Wendy Davis became the first female gubernatorial candidate in Texas since 1994 on Tuesday night.
The state senator, who was presumed to win the Democratic primary, defeated fellow candidate Ray Madrigal. She will face Texas Attorney General Greg Abbott (R) in the fall.
Davis catapulted into the national spotlight last year after she filibustered a Texas abortion bill, that eventually passed, for 11 hours. When enacted in November 2013, the law criminalized abortions after 20 weeks and placed harsh restrictions on facilities, which reportedly resulted in one-third of the state's abortion clinics shutting their doors. In February, Texas suspended its first doctor under the new law (opens in new tab) for performing abortions without getting admitting privileges to local hospitals.
Since Davis entered the race for Texas governor, critics have paid close attention to details of her personal story, which the candidate had placed at the center of her campaign. Davis had her first child when she was a teenager, lived in a trailer, eventually graduated from Harvard Law School, and went on to serve in the state Senate. Her story is quite remarkable but critics have accused her of omitting certain details (opens in new tab), particularly those pretaining to the role she played in raising her two daughters. Supporters have labeled those attacks as part of a larger smear campaign, and have criticized some media outlets for their coverage of her candidacy (a recent New York Times Magazine cover featured a headline that read, "Can Wendy Davis Have It All?")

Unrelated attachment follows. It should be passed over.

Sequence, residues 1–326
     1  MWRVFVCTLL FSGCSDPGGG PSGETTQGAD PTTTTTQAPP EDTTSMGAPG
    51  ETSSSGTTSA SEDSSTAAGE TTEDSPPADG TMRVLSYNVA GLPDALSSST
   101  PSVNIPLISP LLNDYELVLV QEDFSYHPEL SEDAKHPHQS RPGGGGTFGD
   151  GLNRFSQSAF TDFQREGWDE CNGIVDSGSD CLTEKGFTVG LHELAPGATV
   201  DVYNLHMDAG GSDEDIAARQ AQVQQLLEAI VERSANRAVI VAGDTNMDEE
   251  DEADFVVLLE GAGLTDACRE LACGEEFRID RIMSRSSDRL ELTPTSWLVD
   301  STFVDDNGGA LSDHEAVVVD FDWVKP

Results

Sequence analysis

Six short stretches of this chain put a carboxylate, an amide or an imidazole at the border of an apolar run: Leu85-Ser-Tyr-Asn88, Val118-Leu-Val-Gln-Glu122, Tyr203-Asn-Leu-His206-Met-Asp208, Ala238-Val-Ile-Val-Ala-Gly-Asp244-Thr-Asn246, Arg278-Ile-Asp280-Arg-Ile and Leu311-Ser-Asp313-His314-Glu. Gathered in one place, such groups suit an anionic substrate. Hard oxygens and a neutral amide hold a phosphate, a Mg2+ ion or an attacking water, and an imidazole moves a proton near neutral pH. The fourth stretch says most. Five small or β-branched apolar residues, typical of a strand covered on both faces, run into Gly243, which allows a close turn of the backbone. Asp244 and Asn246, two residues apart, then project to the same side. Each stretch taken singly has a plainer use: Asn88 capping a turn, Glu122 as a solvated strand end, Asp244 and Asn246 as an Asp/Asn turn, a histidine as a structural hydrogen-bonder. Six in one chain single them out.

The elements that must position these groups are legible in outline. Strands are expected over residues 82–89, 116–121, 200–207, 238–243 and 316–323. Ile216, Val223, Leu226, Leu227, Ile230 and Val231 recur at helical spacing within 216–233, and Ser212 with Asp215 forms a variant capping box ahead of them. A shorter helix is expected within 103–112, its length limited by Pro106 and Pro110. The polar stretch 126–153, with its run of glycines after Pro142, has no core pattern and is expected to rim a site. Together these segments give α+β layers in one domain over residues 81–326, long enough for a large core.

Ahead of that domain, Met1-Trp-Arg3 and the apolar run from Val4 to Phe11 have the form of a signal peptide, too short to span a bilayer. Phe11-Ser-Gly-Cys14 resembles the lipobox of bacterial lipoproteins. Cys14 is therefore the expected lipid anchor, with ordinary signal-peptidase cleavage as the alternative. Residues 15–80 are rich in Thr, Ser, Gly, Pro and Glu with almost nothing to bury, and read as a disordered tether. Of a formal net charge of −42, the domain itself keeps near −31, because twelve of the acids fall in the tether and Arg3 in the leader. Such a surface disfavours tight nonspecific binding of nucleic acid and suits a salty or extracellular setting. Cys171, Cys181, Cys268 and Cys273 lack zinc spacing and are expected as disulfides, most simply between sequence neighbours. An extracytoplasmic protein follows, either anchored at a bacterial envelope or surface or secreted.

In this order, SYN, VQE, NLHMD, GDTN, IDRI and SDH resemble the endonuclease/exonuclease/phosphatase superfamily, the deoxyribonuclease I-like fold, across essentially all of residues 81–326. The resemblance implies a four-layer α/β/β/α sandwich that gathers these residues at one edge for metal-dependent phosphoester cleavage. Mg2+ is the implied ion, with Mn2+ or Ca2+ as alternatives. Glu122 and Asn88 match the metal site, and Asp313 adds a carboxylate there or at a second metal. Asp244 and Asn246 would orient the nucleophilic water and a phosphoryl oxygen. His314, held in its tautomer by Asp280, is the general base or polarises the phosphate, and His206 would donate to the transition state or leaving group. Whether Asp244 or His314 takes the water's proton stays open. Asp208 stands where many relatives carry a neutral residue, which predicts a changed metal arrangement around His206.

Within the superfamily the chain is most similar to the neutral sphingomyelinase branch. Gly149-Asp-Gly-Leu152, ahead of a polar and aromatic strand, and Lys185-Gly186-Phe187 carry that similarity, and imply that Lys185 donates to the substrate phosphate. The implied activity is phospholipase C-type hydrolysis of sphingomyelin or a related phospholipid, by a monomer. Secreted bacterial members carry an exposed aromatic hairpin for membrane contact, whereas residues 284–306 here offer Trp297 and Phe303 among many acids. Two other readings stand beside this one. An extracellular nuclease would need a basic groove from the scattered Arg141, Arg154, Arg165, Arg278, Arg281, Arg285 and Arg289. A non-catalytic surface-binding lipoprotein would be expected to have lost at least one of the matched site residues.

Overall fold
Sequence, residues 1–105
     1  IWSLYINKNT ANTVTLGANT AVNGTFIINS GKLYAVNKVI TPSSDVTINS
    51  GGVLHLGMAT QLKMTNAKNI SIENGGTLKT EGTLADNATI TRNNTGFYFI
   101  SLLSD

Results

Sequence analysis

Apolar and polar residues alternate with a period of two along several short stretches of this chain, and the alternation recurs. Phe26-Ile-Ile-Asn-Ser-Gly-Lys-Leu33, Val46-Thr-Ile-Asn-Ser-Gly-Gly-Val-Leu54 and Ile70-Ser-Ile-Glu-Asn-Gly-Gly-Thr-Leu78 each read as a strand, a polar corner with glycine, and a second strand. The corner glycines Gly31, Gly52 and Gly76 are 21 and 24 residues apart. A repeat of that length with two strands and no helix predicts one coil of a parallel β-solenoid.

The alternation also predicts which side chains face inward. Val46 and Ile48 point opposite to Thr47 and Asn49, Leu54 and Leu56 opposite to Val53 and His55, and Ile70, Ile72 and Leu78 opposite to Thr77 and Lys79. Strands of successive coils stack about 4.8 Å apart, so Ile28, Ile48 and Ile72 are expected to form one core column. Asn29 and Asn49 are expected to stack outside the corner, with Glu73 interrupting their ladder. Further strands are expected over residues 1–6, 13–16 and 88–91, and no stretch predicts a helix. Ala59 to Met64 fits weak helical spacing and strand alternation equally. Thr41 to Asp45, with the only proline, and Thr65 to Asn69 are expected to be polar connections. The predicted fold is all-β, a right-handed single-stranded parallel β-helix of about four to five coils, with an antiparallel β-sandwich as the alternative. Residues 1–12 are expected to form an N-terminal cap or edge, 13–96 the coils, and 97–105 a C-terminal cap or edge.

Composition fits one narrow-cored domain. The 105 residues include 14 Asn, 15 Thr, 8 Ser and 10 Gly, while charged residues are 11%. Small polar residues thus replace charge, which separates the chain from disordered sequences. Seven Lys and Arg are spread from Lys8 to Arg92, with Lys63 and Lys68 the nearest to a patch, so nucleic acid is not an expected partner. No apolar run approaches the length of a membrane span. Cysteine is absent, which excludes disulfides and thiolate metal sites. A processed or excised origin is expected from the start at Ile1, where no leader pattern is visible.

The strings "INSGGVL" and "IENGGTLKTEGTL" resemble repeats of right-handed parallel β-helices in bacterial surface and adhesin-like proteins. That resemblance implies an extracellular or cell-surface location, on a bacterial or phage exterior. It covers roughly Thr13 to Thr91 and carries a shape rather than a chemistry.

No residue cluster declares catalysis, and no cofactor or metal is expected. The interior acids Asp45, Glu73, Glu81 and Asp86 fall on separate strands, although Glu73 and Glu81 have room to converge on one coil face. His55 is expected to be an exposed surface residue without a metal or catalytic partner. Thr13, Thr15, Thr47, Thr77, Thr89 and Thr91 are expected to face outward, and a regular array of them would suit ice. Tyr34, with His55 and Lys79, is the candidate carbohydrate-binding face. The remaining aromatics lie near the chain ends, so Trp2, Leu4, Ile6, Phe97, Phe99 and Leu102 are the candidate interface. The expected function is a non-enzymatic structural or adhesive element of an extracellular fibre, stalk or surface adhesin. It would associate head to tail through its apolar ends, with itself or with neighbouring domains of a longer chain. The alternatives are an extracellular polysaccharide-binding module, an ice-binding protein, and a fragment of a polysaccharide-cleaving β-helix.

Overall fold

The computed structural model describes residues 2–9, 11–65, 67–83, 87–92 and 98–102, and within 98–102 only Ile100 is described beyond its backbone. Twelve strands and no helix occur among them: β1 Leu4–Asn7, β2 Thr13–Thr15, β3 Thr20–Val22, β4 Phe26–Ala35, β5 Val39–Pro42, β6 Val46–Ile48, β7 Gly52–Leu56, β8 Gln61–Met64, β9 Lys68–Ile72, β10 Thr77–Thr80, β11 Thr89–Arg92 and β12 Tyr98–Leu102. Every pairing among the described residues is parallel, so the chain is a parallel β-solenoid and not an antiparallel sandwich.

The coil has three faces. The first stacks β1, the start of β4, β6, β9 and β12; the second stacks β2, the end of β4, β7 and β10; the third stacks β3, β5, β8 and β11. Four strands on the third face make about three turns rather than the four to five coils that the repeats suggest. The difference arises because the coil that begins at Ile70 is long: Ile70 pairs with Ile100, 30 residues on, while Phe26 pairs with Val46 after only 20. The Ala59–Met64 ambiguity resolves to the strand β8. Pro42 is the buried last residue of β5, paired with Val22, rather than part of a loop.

The cover sparked outrage for what critics considered a serious double standard (opens in new tab)—would such a headline appear on the cover of a magazine for a male candidate? As the Texas gubernatorial race heats up, debates over details of Davis's personal story are likely to play an even bigger role. We just hope Davis is evaluated more on her fitness to lead.
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